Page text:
in Long-Term Care Facilities
As we continue the conversation about the benefits and disadvantages of long-term care, I want to share an experience I had recently with a young man that reinforced my belief that compassionate caregiving is not a scarcity in long-term care communities.
A few days ago I spoke an event for caregivers hosted by Scottsdale Village Square in Scottsdale, AZ. Prior to my presentation, a handsome young man named Ever helped with setting up the AV equipment and arranging the room. When it was over, he helped Alex and me get all of our things loaded onto a cart and out to our car.
Since the facility is quite large, Alex casually asked Ever if he knew how many miles he walked each day. Ever said he had no idea. He is going to school full time and working full time. He gets up at 6:00 a.m. and usually gets home around 1:00 a.m.
He told us he’s enrolled in the Patient Care Tech course at the local community college. His original plan was to get a job in a hospital upon graduation, but he now wants to work full-time in a nursing home.
I asked him what made him change his mind. He said, “When I first started working here, I was a janitor. There was a man with Alzheimer’s who couldn’t speak. One day I went into his room to clean it, and I saw his socks and shoes on the floor next to his chair. I put them on his feet, and he smiled at me. Every day for the next six or seven months, I went into his room and put his socks and shoes on him. When he smiled at me it filled my heart so much that I never complained about cleaning the dining room or anything else. Nothing felt like work to me when I thought he recognized me or I knew I’d made him happy.”
I am fully aware that not all long-term care facilities are created equally. Some are well-staffed and offer excellent care for the benefit of their residents. Some are under-staffed and cut corners for the benefit of bottom line profits. But I believe with my entire heart that the vast majority of people who do the actual work in these facilities do it because they genuinely care about the residents.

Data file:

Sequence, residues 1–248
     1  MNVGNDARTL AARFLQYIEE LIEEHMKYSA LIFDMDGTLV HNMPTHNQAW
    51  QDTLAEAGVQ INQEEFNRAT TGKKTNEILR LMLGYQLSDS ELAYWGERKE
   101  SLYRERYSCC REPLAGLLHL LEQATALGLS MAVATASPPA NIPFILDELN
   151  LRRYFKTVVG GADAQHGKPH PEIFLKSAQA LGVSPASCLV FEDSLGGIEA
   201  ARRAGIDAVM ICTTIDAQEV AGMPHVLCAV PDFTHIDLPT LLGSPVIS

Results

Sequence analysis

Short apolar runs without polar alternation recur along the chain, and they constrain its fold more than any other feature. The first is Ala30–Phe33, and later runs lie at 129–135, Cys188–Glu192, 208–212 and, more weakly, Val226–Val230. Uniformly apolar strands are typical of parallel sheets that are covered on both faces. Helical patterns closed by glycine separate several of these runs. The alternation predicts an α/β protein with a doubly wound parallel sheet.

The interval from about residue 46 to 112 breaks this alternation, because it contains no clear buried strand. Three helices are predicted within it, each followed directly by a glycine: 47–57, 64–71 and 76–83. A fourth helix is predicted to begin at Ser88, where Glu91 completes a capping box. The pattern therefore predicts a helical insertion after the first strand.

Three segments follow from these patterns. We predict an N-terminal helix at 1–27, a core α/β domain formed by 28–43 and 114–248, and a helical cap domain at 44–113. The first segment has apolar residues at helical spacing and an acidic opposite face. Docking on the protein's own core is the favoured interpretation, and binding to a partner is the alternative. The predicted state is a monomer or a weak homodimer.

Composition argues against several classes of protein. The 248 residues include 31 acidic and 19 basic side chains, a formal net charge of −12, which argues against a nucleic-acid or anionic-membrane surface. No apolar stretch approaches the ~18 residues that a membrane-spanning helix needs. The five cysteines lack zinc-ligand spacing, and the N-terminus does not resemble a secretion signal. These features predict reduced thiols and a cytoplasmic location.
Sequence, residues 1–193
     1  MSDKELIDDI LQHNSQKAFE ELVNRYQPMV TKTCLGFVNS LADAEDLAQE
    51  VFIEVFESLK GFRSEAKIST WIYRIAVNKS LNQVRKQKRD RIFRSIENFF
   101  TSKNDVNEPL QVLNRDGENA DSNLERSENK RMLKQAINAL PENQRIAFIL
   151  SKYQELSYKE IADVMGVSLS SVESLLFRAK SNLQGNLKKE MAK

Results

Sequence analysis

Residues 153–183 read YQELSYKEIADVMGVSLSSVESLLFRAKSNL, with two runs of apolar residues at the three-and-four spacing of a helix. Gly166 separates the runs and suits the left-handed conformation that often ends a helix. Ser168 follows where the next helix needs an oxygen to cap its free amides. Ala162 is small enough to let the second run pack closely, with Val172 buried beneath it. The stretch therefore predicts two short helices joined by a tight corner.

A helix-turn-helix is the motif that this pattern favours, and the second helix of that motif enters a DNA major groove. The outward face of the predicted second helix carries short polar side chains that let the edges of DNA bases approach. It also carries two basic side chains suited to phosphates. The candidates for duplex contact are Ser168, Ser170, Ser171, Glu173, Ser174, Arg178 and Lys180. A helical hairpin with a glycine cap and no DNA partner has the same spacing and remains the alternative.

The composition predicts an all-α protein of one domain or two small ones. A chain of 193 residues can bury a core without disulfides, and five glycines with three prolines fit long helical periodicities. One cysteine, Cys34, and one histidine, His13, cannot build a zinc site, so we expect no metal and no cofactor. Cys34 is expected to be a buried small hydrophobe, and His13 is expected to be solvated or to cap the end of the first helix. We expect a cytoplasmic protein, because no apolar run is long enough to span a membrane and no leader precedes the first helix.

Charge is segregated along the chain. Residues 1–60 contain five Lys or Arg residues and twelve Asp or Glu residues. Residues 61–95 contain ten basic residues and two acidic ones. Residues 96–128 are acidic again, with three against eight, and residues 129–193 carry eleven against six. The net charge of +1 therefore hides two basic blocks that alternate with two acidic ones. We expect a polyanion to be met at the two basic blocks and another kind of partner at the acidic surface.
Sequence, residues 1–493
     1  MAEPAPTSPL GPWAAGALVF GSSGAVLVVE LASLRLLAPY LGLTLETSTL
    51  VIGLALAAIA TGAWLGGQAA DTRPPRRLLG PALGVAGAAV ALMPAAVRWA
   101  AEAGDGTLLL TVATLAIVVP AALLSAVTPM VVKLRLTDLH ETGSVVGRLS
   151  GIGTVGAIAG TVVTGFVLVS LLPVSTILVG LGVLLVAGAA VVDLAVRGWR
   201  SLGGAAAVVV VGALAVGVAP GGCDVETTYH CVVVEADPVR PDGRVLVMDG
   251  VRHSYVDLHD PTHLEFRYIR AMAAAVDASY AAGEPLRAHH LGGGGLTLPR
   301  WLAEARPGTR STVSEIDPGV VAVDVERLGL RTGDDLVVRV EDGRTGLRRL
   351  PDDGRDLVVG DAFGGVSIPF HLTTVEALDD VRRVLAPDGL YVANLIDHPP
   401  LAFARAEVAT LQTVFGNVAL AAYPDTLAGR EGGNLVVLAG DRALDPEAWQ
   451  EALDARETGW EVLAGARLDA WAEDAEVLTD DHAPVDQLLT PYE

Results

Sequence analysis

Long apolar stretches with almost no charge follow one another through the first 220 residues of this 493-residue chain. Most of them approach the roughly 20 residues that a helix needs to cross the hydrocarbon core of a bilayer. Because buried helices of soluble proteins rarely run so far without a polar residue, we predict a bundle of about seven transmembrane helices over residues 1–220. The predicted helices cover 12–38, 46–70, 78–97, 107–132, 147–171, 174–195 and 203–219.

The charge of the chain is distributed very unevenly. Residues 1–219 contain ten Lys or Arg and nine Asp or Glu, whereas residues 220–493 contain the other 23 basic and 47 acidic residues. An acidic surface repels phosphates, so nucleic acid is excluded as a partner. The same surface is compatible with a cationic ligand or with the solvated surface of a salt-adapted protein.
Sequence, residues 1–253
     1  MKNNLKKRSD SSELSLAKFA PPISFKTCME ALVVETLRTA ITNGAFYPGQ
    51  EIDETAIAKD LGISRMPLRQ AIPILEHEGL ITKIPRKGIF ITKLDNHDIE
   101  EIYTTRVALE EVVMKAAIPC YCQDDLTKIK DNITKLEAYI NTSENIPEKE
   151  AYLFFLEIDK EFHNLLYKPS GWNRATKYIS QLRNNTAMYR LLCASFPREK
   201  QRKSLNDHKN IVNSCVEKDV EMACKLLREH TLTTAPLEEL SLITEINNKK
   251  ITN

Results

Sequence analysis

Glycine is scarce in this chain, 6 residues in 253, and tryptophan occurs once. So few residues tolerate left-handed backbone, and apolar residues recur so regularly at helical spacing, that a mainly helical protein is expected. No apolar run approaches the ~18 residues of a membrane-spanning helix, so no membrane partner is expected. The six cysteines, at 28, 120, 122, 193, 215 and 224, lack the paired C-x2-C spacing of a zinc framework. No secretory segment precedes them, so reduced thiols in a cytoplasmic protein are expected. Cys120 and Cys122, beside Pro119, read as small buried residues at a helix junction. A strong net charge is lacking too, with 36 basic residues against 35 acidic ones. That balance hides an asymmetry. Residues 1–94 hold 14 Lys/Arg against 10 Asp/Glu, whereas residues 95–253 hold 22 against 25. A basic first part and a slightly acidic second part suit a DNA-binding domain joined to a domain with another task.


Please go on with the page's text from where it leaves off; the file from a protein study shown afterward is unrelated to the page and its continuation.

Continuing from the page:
Ever’s compassion reminded me of the laundry lady at a nursing home in McPherson, KS who taught me all about the importance of respecting older people (even the cranky ones) when she did something very special for my Grandpa Stan. Click on this link if you’d like to watch the video. Grandpa Stan and the Laundry Lady
As promised, over the next week or so I will be writing about getting your “Ducks in a Row”, which will include topics such as assessing the safety of family elders, starting difficult conversations, chosing the right long-term care facility and getting the must-have end of life documents in order.
I got sidetracked today because I wanted to share this story about Ever, a quiet, kind young man who will undoubtedly make a huge difference in the lives of countless elders and their families as he continues to provide compassionate caregiving through one simple act of kindness after another over what I hope will be a long and rewarding career.